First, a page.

Arts-Based Learning

by tuftsigl
Sep 09
Hannah Freedman is in the class of 2017 and an Empower fellow.  She is interning with the African Youth Leadership Experience in Uganda this summer.
Leaning against a bright blue wall with windows empty of glass, I watch Nakimbugwe Aisha Jadidah standing confidently in the front of the room, describing her mother. “She is responsible, loving, funny, and God-fearing.” Jadidah speaks with her hands, walks across the makeshift stage likes she owns it, and projects her voice all the way to the back of the room. The occasion is a public speaking workshop, and each of the twenty-nine students must make their way to stand at the front of the room and speak extemporaneously on a subject for one minute. This would have been an insurmountable task for most of these students two days before, but today, one after another, each graces the front of the room and we hear speeches on everything from Jadidah’s “Tell us about your role model” to Emmanuel’s “Why is Tanzania the best country in the world?” This is Day Three of the African Youth Leadership Experience, or AYLE, an immersive leadership camp for twenty-nine selected East African fifteen- to eighteen-year-olds, and the past few days have led students through arts-based transformative learning. 
The students arrived on Day One silent and timid- standing around awkwardly in language or school silos. After trying to engage one or two in conversation, I became skeptical of the camp plan; how were these students going to have conversations on leadership and social change? I was not looking forward to dragging answers and energy out of these kids as a facilitator. However, things changed quickly. After movement-based name games and creating colorful nametags, the kids started to warm up. In school, these students are expected to stay quiet and give the exact answer the teacher is looking for; creativity is not a necessary skill. To achieve the kind of learning AYLE intends, however, taking creative risks is important. Through the Creative Communities Model, AYLE uses the arts, including movement, music, theater, and creative writing, to build an intentional community of students to develop leadership skills. AYLE students participate in ten days of workshops on leadership, social issues, and project design, culminating in student-planned social entrepreneurship projects for their homes and school communities.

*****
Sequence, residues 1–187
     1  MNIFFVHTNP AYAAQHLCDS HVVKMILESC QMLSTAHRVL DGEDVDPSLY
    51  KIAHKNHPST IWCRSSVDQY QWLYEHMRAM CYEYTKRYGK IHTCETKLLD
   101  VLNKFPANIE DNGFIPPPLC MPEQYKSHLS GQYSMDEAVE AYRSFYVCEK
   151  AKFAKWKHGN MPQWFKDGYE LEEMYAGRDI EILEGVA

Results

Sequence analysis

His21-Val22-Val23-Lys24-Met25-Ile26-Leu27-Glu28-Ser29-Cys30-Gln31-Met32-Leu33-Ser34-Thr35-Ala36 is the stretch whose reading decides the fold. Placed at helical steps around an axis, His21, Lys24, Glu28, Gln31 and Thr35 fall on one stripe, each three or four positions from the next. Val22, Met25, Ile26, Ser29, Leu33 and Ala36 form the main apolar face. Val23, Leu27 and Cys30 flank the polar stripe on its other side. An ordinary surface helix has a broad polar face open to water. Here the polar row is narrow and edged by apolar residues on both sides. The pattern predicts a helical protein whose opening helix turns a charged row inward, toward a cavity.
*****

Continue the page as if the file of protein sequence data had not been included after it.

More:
I will admit I had my doubts about the power of art. Arts-based learning always seemed so abstract and frivolous, wasting time that could be used in simply teaching or facilitating the session. Since then, however, I have seen the transformations in these students and the strong, intentional community that they have built. The Creative Communities Model is a framework for how to build this kind of safe space, laying a foundation where students feel comfortable taking risks and can then learn faster and with more enthusiasm. It structures a camp experience. We began with a warm welcome and came up with a group contract for the space: community norms that reward risk-taking and questions. We then gave the group challenges—starting with something easy that, once accomplished, made them feel like a team. Each day, the challenges increase, building up confidence and trust as the camp progresses. 
The arts help accomplish this in two ways. The first is that arts and using creativity is a risk, and taking risks in a group strengthens community. Sharing drawings or songs requires sharing parts of yourself, which in turn builds trust. The second is that creating art relaxes people. It brings people’s guards down, and once they are in this safer space, conversations can happen that access a deeper level of connection. After a few days of singing together, dancing together, and making art together, these students are open and excited about learning. They now feel safe enough with the facilitators and each other to take risks and try things like speaking in front of a crowd. And as students sit down after their sixty seconds, you can see how accomplished and proud they feel. Each sits a little straighter, each feels a little more validated, and each student is ready to bring more to AYLE, ready for the next challenge. 

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